When it comes time to pay your health care bills do you sometimes feel confused or overwhelmed by all the different fees and plan types? If you answered yes, you're not alone. Do you understand the difference between a co-pay versus co-insurance for health care services provided? Are you familiar with deductibles and how they differ from out-of-pocket maximums? These questions may be anxiety inducing, but don't despair! With just a little bit of homework, you can be on top of your health care expenses in no time.
Before we dive in, let’s define some of the key players.
Patient: The person seeking medical services.
Facility: The place where a patient seeks care. This could be a clinic, a hospital or an urgent care center.
Care provider: The person who delivers care to the patient. This could be a primary care physician, specialist or hospitalist.
Health plan: This is your insurance provider. Common types include: Aetna, Blue Cross, Blue Shield, etc.
A co-pay (or co-payment) is a fee that the patient pays the facility – in addition to the amount that the health plan pays. It’s a flat rate for the service you can expect to pay each time you visit a health care provider. A common instance of this would be a $25 co-pay for an office visit with your primary care physician. For example, if the contracted rate between your health plan and the clinic is set at $150, you pay $25 and the health plan would pay the clinic the remaining balance of $125. If you incur any additional fees while you are at the doctor (lab tests, x-rays, blood work, etc.) you may be charged an extra fee, but this is separate from your co-pay.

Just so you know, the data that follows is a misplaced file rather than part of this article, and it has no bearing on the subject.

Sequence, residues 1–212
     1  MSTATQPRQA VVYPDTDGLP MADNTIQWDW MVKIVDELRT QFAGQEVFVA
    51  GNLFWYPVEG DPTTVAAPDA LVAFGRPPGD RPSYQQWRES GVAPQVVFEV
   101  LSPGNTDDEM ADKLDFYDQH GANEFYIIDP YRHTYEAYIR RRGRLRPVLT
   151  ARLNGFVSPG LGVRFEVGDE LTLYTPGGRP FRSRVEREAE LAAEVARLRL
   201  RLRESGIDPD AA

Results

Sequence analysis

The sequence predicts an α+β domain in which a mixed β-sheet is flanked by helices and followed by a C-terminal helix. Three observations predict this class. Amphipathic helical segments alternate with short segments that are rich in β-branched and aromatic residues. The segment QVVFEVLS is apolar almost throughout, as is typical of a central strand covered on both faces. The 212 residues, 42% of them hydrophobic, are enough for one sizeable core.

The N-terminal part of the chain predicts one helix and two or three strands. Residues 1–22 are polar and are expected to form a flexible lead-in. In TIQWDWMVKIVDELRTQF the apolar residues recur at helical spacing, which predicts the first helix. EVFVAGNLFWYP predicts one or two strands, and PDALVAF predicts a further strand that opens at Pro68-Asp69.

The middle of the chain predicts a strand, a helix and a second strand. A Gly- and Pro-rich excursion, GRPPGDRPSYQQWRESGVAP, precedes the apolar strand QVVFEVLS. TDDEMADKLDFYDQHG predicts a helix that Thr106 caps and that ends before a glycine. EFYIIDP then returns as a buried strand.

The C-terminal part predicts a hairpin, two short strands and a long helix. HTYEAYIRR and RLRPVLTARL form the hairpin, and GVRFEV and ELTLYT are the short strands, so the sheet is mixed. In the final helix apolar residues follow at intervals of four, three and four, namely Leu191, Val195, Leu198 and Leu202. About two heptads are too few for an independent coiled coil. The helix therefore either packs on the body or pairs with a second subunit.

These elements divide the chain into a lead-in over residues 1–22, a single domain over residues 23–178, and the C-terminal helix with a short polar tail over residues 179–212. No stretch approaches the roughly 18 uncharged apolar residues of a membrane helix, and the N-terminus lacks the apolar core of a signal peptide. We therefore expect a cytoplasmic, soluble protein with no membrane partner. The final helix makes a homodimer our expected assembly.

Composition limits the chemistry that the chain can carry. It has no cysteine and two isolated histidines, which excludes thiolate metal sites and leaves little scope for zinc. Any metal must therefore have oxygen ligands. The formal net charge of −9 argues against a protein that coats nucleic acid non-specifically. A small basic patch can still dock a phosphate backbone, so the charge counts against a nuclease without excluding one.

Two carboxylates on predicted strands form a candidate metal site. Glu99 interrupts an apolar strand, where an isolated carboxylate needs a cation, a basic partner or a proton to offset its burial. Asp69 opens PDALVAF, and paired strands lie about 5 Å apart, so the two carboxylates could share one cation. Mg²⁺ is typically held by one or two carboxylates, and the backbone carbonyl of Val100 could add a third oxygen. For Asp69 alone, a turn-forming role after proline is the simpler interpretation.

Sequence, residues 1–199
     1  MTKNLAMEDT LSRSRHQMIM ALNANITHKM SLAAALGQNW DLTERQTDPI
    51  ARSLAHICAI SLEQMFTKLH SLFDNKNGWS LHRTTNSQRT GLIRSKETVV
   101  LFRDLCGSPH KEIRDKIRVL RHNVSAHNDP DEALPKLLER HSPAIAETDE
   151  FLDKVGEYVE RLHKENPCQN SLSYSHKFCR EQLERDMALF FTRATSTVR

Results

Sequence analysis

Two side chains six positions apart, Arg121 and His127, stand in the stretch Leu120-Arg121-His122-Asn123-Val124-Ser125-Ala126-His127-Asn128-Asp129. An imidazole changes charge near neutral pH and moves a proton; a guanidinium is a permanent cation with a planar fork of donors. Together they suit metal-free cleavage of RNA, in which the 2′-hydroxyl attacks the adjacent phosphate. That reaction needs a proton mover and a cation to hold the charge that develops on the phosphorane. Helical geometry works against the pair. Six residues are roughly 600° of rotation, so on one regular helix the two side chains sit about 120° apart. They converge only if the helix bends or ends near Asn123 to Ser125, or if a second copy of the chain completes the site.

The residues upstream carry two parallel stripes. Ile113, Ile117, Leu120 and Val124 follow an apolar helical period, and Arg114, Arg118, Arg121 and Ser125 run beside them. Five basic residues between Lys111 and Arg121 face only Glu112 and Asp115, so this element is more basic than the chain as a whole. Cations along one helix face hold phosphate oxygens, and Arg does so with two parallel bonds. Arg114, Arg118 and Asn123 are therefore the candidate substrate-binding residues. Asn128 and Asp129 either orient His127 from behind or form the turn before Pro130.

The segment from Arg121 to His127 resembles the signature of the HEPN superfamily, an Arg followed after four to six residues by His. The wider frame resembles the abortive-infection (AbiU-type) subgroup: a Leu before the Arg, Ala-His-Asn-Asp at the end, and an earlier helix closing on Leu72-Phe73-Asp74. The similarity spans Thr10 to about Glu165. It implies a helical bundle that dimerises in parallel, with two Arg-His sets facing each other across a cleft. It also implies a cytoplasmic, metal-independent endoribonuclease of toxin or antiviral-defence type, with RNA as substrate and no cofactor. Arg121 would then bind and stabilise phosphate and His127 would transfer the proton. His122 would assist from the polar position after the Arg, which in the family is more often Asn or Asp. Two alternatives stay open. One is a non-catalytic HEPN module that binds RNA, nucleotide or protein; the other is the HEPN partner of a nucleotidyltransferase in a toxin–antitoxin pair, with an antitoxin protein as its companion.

Co-insurance is a fee you pay to your clinic in addition to the amount your health plan pays. It’s a percentage of the total cost of the service. Co-insurance is dependent upon the rate contracted between the health plan and the clinic. A common example would be a 20 percent co-insurance for an office visit with a primary care physician. If that rate has been set at $150 total, your responsibility for the co-insurance would be $30 (20 percent of $150). The health plan would then pay the remaining balance of $120 to the physician's organization.
The deductible is the amount that the patient pays before an insurance company will make a payment. For example, your health insurance might have a $2,500 annual deductible, so you’d have to pay all expenses until that $2,500 deductible is met. Once you’ve paid $2,500 in expenses, the insurance company will then begin making payments. A co-pay or co-insurance may still apply even after the deductible is met, but you wouldn't be responsible for the full cost of care. For example, if you undergo a $3,000 surgery that is covered by your health plan, you will pay $2,500 towards your deductible. Your health plan is then responsible for the balance of $500 still owed to your care provider.
The out-of-pocket maximum is the maximum amount you have to pay during a policy period (usually a year) for health care services. Your out-of-pocket maximum is comprised of everything paid toward your deductible, plus all co-payments or co-insurances for care provided after your deductible has been met. Once the out-of-pocket maximum has been met, the health plan begins to pay 100 percent of the allowed amount for covered services.
So, are things a little clearer now? It's wise to understand these fees before you start accruing them. That way, you won't dread seeing those health care bills show up in your mailbox. Stay tuned for more content to empower you as an informed patient.